Select language:

Defenders of Russian schools in Latvia won't give up

 / Главная / Russkiy Mir Foundation / News / Defenders of Russian schools in Latvia won't give up

Defenders of Russian schools in Latvia won't give up


Defenders of Russian schools in Latvia are not going to stop their protest campaigns, despite the educational reorganization was approved at all the parliamentary readings, Baltnews website informs.

In particular, preparation for All-Latvian parents' meeting is scheduled for March 31. The meeting is organized by the party titled Russian Union of Latvia. At present, Russian Union of Latvia reports that more than 700 people already registered for the forum and this number is constantly growing. Among them are parents of the Russian-speaking schools from Riga, Daugavpils, Liepaja, Ventspils and other cities.

According to organizers, they sent an invitation to the initiator of this reorganization - Minister of Education Karlis Shadurskis. European Parliament deputies to Latvia, experts from other Baltic States are on the participants' list. A resolution will be issued at the end of the meeting to be sent to the Latvian President, to the European Parliament, European Commission, UN and OSCE.

Co-chairperson of the Russian Union of Latvia Tatiana Zhdanok is sure that Russian-speaking education is effected by the political struggle unfolded right before the elections. Besides, there is very acute Anti-Russian mood in Europe at the moment and probably, the politician believes, Riga hopes that EU is not going to react on its campaigns.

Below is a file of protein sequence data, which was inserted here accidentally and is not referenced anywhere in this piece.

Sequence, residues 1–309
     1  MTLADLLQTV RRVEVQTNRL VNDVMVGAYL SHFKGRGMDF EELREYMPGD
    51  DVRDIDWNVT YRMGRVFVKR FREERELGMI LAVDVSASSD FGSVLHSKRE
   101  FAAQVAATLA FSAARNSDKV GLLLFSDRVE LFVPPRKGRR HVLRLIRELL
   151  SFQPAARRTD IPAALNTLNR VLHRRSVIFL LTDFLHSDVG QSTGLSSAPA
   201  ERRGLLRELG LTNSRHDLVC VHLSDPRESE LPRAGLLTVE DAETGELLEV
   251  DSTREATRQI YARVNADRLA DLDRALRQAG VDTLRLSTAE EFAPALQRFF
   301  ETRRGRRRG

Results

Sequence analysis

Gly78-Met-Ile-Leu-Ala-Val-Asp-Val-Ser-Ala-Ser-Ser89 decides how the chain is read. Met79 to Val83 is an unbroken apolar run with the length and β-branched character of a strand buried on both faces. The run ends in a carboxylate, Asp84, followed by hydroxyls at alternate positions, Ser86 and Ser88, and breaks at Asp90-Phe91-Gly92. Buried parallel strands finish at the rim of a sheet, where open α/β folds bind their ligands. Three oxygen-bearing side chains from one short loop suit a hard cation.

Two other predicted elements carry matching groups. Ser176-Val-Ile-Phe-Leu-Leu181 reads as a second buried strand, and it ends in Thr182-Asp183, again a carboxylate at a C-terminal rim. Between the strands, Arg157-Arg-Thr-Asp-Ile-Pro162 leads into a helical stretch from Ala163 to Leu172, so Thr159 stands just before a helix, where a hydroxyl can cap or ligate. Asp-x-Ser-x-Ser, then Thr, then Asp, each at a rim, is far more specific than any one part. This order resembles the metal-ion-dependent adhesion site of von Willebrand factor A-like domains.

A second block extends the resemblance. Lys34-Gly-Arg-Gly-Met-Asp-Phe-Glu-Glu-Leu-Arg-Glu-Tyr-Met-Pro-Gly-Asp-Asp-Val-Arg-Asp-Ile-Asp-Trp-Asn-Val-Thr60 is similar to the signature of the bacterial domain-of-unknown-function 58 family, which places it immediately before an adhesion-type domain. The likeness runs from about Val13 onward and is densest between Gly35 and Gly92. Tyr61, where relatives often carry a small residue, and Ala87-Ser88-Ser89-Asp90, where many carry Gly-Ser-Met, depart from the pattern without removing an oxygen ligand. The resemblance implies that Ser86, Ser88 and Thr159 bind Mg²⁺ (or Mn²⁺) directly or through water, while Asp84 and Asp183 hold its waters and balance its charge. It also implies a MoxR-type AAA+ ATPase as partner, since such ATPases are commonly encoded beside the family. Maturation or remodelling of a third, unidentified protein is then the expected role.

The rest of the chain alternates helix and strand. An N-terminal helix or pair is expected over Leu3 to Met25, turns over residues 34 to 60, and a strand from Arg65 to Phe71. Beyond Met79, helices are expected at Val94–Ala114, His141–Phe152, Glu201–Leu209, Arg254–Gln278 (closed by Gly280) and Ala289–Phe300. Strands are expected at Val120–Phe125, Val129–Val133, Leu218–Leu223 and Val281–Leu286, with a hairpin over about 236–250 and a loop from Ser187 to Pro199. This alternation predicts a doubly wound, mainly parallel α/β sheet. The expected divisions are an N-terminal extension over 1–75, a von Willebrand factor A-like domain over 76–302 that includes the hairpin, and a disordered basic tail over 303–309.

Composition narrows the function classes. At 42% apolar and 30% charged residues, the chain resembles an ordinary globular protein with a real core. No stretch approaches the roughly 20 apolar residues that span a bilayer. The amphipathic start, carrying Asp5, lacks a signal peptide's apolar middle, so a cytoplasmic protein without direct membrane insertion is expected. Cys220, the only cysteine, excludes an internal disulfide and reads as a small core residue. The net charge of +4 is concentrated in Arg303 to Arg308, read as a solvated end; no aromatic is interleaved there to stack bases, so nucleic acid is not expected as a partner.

Tatiana Zhdanok has stressed out that the situation in Latvia is a test of the declared EU political principles.  

Russian Union of Latvia has also announced another protest meeting against the shift of the Russian schools' curriculum into teaching in the Latvian language. It is going to take place next Wednesday, on April 4.

Russkiy Mir

News by subject


Since the beginning of the unrest in Kazakhstan, some media and Telegram channels have speculated about the threat to Russians living in the Republic. Allegedly, the introduction of CSTO forces would put them in danger due to the rise of Kazakh nationalism. Izvestia talked to Russians living in the country to find out how the January events had affected their relations with Kazakhs. Interviewees claimed that the introduction of CSTO peacekeepers had no effect on interethnic dialogue because the Russians living in the Republic were not associated with Russia - they were locals. However, according to Izvestia's interlocutors, there is still intolerance at the mundane level.
Vladimir Kanevsky moved from St. Petersburg to the U.S. in the 1980s. He's got engaged in creating porcelain flowers instead of architecture, which was an unexpected move even for him. Now designers of international fame collect exquisite bouquets by Vladimir Kanevsky, and the best museums of the world arrange exhibitions of his works.